Lesson Plans: Grades 9-12

The Beauty of Anglo-Saxon Poetry: A Prelude to Beowulf

Created September 7, 2010

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The Lesson

Introduction

The Beauty of Anglo-Saxon Poetry: A Prelude to Beowulf

This sixth-century brooch illustratesthe Anglo-Saxon love ofelaborate surface decoration.

Credit: Courtesy of the Metropolitan Museum of Art.

Who says the Dark Ages were “dark”? In the world that we sometimes think of as barbaric and violent, beauty was prized in visual ornamentation and literary elaboration. In this introduction to Anglo-Saxon literature, students will study the literature and literary techniques of the early Middle Ages, thus preparing students to read Beowulf with an appreciation for its artistry and beauty. Students will learn the conventions of Anglo-Saxon poetry, solve online riddles, write riddles, and reflect on what they have learned.

Guiding Questions

What can we learn from the manuscripts and literature of the Anglo-Saxons? What are some formal elements of Anglo-Saxon poetry?

Learning Objectives

  • Define and give examples of kennings, alliteration, and caesura
  • Analyze and solve Anglo-Saxon riddles
  • Reflect on how literature and art were important aspects of Anglo-Saxon life

Preparation Instructions

  • Review the lesson and download and copy any handouts you will be using. For Exercise 1: Riddle Background and Analysis, please download the file Riddles Analysis. As this lesson is suitable as a prelude to the study of Beowulf, additional resources dealing with Anglo-Saxon culture, Old English, and information specific to Beowulf have been added to "Preparing the Lesson" below. These are intended as supplementary resources and should be used as needed.
  • Internet Sources for Riddles. Read through the following information on literary elements, and share with your students the following information to help them understand the syntax and style of Anglo-Saxon poetry:
    • The website Anglo-Saxon Riddles, available through the EDSITEment-reviewed Labyrinth website, has a wealth of information on riddles, as well as original and translated Exeter Book Riddles for use in the classroom (complete with answers). Analyze several riddles in terms of kennings, caesura, and alliteration in preparation for the students analyzing the riddles on their own.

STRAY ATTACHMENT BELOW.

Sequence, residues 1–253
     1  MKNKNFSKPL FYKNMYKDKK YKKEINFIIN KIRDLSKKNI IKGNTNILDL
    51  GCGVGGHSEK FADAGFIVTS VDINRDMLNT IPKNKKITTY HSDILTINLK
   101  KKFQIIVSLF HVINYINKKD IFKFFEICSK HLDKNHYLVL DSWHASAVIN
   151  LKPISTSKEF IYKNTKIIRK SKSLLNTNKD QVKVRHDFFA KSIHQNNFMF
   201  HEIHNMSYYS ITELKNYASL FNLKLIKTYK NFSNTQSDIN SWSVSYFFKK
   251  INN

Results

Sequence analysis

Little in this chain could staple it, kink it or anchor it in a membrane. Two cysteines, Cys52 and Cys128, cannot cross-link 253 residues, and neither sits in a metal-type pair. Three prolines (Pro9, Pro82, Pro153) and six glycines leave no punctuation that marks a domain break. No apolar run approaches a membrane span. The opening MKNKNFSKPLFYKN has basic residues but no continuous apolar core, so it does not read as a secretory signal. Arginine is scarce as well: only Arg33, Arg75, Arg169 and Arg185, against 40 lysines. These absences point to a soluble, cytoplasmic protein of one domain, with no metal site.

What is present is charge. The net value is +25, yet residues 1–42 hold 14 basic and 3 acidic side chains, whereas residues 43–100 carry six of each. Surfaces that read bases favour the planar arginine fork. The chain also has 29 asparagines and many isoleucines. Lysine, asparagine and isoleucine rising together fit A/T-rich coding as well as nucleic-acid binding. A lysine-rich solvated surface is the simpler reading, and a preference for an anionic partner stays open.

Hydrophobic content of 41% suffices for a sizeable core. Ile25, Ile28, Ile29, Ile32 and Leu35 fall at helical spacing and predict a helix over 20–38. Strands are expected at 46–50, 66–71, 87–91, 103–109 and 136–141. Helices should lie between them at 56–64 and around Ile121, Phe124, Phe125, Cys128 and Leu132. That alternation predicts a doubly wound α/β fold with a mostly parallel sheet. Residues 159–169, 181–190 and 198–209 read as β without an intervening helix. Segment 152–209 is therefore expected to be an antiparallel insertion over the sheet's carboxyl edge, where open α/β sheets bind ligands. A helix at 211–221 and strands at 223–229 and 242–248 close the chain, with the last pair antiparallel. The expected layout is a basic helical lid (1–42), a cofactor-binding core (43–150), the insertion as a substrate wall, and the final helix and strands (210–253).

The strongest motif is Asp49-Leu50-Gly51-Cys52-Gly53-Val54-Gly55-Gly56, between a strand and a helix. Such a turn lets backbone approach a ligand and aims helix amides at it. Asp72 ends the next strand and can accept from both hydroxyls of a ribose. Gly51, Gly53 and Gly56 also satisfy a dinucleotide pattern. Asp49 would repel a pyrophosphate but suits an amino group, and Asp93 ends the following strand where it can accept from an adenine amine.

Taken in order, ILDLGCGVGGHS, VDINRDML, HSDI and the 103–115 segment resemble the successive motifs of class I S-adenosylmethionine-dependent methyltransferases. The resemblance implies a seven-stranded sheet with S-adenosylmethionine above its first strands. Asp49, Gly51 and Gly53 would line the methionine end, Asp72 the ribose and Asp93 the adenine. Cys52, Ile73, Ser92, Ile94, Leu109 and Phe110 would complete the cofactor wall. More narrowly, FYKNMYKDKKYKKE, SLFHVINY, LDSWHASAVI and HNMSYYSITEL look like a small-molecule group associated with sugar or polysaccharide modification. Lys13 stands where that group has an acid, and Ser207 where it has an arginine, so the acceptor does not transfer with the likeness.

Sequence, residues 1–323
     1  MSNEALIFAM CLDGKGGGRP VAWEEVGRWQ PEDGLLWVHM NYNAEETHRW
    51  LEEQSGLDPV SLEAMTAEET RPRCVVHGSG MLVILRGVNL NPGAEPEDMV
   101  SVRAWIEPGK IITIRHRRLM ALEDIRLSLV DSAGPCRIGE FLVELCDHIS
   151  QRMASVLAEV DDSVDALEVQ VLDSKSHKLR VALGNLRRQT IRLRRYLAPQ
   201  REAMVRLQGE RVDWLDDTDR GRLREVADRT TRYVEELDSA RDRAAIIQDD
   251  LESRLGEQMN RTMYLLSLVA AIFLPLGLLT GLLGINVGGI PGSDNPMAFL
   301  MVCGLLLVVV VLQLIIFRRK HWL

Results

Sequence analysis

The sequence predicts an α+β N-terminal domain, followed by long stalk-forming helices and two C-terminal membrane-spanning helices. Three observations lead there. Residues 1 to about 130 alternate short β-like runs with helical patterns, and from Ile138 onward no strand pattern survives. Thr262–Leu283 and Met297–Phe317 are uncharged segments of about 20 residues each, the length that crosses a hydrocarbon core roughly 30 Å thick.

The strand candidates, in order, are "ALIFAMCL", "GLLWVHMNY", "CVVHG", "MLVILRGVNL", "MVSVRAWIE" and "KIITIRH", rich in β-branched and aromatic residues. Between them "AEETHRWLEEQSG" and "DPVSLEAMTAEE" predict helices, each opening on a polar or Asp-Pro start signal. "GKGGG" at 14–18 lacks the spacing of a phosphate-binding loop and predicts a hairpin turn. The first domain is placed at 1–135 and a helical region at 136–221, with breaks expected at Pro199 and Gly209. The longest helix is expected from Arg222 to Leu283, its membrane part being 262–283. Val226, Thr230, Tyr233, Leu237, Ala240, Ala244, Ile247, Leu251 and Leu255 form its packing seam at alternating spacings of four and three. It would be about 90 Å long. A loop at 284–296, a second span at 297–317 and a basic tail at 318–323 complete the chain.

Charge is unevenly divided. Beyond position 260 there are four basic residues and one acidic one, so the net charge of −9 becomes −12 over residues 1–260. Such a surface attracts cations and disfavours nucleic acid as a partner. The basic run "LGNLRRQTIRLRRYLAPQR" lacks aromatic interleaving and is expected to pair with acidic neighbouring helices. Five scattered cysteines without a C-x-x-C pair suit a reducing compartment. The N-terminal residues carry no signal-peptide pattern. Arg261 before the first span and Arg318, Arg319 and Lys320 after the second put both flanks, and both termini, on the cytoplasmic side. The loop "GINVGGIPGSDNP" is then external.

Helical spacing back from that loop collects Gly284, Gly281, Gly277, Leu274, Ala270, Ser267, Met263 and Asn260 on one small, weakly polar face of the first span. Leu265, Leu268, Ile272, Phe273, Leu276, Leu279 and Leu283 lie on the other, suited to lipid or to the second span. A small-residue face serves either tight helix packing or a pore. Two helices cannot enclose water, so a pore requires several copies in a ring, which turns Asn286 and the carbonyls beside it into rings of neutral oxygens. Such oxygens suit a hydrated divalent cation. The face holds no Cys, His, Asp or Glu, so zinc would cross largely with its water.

The following definitions and examples come from The Penguin Dictionary of Literary Terms and Literary Theory, by J.A. Cuddon, third ed. (London and New York: Penguin, 1991).

      Alliteration: A figure of speech in which consonants, especially at the beginning of words, or stressed syllables, are repeated … In (Old English) poetry alliteration was a continual and essential part of the metrical scheme and until the late Middle Ages was often used thus. (Cuddon provides some classic examples, such as Coleridge's description of the sacred river Alph in his poem, Kubla Khan: "Five miles meandering with a mazy motion.")

      Caesura: (Latin: "a cutting") A break or pause in a line of poetry, dictated, usually, by the natural rhythm of the language … In [Old English] verse the caesura was used … to indicate the half line.

      Kenning: The term derives from the use of the Old Norse verb kenna 'to know, recognize'…It is a device for introducing descriptive colour or for suggesting associations without distracting attention from the essential statement. (Cuddon offers the following instances of Old English kennings:

      a) helmberend—"helmet bearer" = "warrior"

      b) beadoleoma—"battle light" = "flashing sword"

      c) swansrad—"swan road" = "sea" Essentially, then, a kenning is a compact metaphor that functions as a name or epithet; it is also, in its more complex forms, a riddle in miniature.)

      Examples of each of these aspects of Anglo-Saxon prosody can readily be found in this online text of Beowulf from the Labyrinth Library (for other texts, see the last bulleted item in this section, below).